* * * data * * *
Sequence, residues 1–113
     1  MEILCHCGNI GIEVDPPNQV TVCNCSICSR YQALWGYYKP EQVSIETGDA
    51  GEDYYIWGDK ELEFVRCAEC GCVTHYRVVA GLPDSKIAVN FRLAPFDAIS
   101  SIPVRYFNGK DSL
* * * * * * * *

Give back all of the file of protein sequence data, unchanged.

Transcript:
Sequence, residues 1–113
     1  MEILCHCGNI GIEVDPPNQV TVCNCSICSR YQALWGYYKP EQVSIETGDA
    51  GEDYYIWGDK ELEFVRCAEC GCVTHYRVVA GLPDSKIAVN FRLAPFDAIS
   101  SIPVRYFNGK DSL